Our Take on the 2017 U.S. Open – Golf Content Network
 

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Our Take on the 2017 U.S. Open

U.S. Open Championship
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U.S. Open Championship at Erin Hills

At the media center at Oakmont last year I was utterly shocked by the handling of events by the USGA concerning the Dustin Johnson penalty, more than anything it was the confusion and delays in the ruling that caused the most embarrassment. Johnson went on to win by three strokes making the point moot and in doing so he may have just saved the USGA from one of their mishandled ruling in recent time.

The USGA said it regrets the way it handled a penalty assessed to Open Champion Dustin Johnson during Sunday’s final round at Oakmont Country Club in suburban Pittsburgh.

“Upon reflection, we regret the distraction caused by our decision to wait until the end of the round to decide on the ruling,” the USGA said in a statement. “It is normal for rulings based on video evidence to await the end of a round, when the matter can be discussed with the player before the score card is returned.”

This week, June 12-18, 2017, the U.S. Open Championship will be contested in Wisconsin for the first time. The championship will welcome the world’s top players vying for the title that has been contested since 1895. The United States Golf Association will provide the ultimate, most comprehensive test in golf to identify the best of the best, with past champions including Bob Jones, Ben Hogan, Arnold Palmer, Jack Nicklaus, Wisconsin’s own Andy North and Tiger Woods.

The U.S. Open is played at iconic venues around the country, with 51 courses to date holding the distinction of U.S. Open site. Erin Hills will be the sixth public access course to host the championship (joining Pebble Beach, Pinehurst, Bethpage, Torrey Pines and Chambers Bay). More than 35,000 spectators are expected to attend each day, and more than 5,000 volunteers are needed (and those positions have already been filled). The championship will support the community through more than $130 million in anticipated economic impact.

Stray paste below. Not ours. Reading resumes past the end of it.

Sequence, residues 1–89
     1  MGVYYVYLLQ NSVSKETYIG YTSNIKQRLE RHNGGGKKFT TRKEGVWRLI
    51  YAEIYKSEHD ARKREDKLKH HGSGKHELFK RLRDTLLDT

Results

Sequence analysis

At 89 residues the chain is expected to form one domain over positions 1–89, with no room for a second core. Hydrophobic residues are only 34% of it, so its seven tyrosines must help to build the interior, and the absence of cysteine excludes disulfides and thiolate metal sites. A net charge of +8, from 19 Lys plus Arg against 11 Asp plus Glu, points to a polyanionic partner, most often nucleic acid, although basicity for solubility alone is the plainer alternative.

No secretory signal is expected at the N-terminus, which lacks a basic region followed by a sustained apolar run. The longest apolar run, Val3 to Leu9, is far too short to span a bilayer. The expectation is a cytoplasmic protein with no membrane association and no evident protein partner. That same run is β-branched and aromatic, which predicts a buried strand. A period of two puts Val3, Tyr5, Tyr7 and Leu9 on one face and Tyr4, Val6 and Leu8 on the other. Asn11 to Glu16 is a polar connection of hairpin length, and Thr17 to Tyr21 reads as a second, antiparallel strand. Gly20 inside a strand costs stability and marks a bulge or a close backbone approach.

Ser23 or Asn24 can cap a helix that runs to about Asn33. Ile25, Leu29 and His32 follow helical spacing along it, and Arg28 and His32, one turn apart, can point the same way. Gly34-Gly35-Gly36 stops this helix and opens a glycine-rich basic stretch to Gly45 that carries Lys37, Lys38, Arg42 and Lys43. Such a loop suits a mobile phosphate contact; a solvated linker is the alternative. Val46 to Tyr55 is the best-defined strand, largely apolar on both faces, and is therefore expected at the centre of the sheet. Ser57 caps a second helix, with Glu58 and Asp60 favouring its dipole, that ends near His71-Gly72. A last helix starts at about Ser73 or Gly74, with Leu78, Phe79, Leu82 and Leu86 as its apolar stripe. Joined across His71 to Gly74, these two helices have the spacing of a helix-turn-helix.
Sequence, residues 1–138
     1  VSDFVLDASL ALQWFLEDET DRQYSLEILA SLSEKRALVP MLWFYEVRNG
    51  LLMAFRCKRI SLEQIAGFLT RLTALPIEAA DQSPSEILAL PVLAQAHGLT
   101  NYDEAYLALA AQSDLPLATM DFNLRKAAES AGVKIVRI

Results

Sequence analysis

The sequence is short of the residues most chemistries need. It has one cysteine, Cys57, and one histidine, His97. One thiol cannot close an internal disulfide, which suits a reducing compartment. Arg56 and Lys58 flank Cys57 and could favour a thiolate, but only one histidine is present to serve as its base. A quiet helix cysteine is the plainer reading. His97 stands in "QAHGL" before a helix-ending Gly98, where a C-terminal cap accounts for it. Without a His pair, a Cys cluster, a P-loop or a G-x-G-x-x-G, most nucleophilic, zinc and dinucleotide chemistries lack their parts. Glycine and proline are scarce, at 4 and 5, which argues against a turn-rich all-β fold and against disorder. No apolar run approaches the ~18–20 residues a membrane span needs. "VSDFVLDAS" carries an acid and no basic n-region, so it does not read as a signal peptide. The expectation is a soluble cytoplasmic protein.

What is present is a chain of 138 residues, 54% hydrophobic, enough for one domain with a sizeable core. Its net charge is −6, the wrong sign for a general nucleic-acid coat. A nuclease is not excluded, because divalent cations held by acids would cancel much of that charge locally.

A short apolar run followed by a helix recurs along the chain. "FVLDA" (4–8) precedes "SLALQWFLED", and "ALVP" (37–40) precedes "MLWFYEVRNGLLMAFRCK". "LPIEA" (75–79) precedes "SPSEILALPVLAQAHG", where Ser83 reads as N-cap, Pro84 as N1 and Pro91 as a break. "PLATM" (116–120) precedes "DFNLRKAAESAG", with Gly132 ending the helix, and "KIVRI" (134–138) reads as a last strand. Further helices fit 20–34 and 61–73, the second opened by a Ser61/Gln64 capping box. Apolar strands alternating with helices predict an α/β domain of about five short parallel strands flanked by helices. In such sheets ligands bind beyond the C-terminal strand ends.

When the US Open arrives at Erin Hills in 2017, players and viewers are in for a treat. At first glance, Erin Hills looks like a links-style layout. Erin Hills has brilliant green islands adrift in a sea of long golden, blowing fescue. There are just six trees on the course, and only two small ponds, neither of which should come into play. Under a flattening camera lens, Erin Hills looks like a course where a golfer should learn to play a knock-down, a pitch and a bump-and-run.

U.S. Open Championship

Erin Hills

Erin Hills runs across some 632 acres of land in the Kettle Moraine region of Wisconsin. Carved some 20,000 years ago by glaciers, the irregular terrain is quite striking. The highest elevation at Erin Hills is a ridge which runs between the fairways on holes eight and twelve and stands at 1, 012 feet above sea level. The lowest is near the green on 17, which stands at 952. The difference of 54 feet doesn’t sound like much, until you realize that’s the height of a five story building.

On the scorecard, Erin Hills stretches to 7,800 yards from the tips. I was told that the USGA could push that to over 8,000 for the 2017 US Open.  Tees are also set at 7, 147; 6,754; 6, 233; and 5, 082. The longest tees play as a 77.9/145 — an extraordinarily difficult course. I played from 6, 233 yard, which is rated as a 75.5/131.

U.S. Open Championship

Erin Hills stretches to 7,800 yards

A year after capturing his first career major, Dustin Johnson is the favorite to repeat at the 2017 US Open. Of course, with the amount of elite talent that has emerged in 2017, it won’t be easy for the 32-year-old to become the first player since Curtis Strange (1988 and ’89) to win back-to-back US Open tournaments.

Rory McIlroy, Jordan Spieth and Jason Day are threats as always, but it’s no longer as simple as saying there’s a Big 3 or Big 4. Tour rookie Jon Rahm, who has exploded onto the scene with a win, three Top-3’s and seven Top-10’s, has a lot of similarities to Johnson. Hideki Matsuyama and Justin Thomas both have multiple wins this year. Rickie Fowler, after a disappointing 2016, seems to always be around the leaderboard on weekends. Then, of course, there’s Sergio Garcia, who is fresh off his first major victory at Augusta and as confident as ever.

Johnson may be the clear favorite, but it’s a long list of contenders. Here’s a complete look at the odds for a few key players.

2017 US Open Odds

  • Team New England’s only Player: Keegan Bradley: 175/1
  • Hometown Favorite Steve Stricker: 200/1
  • Dustin Johnson: 6/1
  • Rory McIlroy: 9/1
  • Jordan Spieth: 10/1
  • Jason Day: 11/1
  • Jon Rahm: 16/1
  • Hideki Matsuyama: 20/1
  • Justin Rose: 20/1
  • Sergio Garcia: 22/1
  • Rickie Fowler: 22/1
  • Hometown Favorite Steve Stricker: 200/1
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